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LETTERS

Readers bite back at critics

June 05, 2004

Don SHIRLEY'S review of "Cyrano de Bergerac" at South Coast Repertory seems mean-spirited, to say the least ("A Nose Too Long," May 31). He faults the production for being too long, since it hews directly to the original text, and mentions that other productions he has seen have been shorter. Since when has brevity become a virtue when presenting a masterwork of the theater? Is it preferable to see an abridged version of "Hamlet" than to view the play in its entirety? Faulting Edmond Rostand's "Cyrano" for having too many words is like criticizing a Mozart piece for having too many notes.

Penny E. Schwartz

Redlands

*

In her review of "The Day After Tomorrow," Manohla Dargis dismisses Jake Gyllenhaal as an "automaton ... who does little beyond exercise his inner puppy" in the film ("More Chill Than Thrill," May 28). This characterization is unfair and misleading. Accomplished actors can be restricted by the limitations of a vacuous movie, but their essential talent remains uncompromised. Anyone who saw "Donnie Darko" or "The Good Girl" knows that Gyllenhaal is one of the most versatile and intelligent actors of his generation.

Mary Beth Culp

Rolling Hills Estates

*

Manohla DARGIS misses the point completely when she writes of "The Day After Tomorrow" that its story "is too silly, too woefully underwritten, to stake a claim on seriousness." It doesn't take much time into the film to see that it is a grand put-on, a sendup of the disaster films of all time. Every sentence, every scene is a giant cliche borrowed from other films, from the title to the credits. Who would want to take all this campiness seriously? I never laughed so hard.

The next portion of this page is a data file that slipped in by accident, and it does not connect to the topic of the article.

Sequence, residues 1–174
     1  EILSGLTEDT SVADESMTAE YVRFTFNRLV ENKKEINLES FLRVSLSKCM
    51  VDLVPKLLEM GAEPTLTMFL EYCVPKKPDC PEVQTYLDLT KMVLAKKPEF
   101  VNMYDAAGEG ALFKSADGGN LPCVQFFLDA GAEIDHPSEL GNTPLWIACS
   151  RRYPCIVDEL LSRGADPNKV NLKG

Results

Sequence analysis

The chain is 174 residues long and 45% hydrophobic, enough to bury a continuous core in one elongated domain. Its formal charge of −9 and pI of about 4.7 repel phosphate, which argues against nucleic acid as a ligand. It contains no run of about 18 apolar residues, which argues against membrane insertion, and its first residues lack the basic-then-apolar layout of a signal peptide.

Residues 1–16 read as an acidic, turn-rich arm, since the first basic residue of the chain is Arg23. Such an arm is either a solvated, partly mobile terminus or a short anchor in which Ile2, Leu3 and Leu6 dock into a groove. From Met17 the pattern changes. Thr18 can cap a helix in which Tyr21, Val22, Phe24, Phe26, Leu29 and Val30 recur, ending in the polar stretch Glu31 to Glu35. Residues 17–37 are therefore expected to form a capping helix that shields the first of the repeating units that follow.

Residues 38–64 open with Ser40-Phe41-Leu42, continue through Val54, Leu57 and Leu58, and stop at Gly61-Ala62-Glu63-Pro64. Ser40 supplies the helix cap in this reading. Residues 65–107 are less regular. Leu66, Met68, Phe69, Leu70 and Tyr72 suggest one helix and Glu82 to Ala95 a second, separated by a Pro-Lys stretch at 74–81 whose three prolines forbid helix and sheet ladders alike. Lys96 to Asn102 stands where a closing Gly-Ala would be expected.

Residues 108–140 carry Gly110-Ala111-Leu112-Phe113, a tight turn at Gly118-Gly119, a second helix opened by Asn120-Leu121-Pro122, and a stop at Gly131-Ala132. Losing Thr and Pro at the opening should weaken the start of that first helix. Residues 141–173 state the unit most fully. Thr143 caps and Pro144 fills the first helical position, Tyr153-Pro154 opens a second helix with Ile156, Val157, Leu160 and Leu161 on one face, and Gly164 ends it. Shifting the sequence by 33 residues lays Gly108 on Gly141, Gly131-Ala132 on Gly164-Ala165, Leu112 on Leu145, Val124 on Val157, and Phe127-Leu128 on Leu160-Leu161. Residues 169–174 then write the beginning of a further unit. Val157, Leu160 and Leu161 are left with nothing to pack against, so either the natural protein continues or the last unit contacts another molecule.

Bill DuBay

Costa Mesa

*

The fable "The Emperor's New Clothes" came to mind when I read Christopher Knight's review of Julie Mehretu's paintings ("A Terrible Beauty," June 2). Where, exactly, is one to find "history, calamity, germination and spiritual interdependence" in this abstract painting? As the little boy who insists the king is naked, I would like to state that the painting is simply pretty, despite Knight's heavy-handed analysis and use of obscure art references to convince me otherwise.

Rowena Patterson

Malibu

*

Daryl H. MILLER claims that "Tabletop" "fails to satisfy" ("Looks Delicious but It's Empty Calories," May 31). The audience I sat with was uproarious with laughter. So the natural question is, who was it failing to satisfy? As far as I can tell, the only writing of note that fails to satisfy comes from a reviewer who took himself so seriously he forgot to laugh.

Alan Boinus

Laguna Beach

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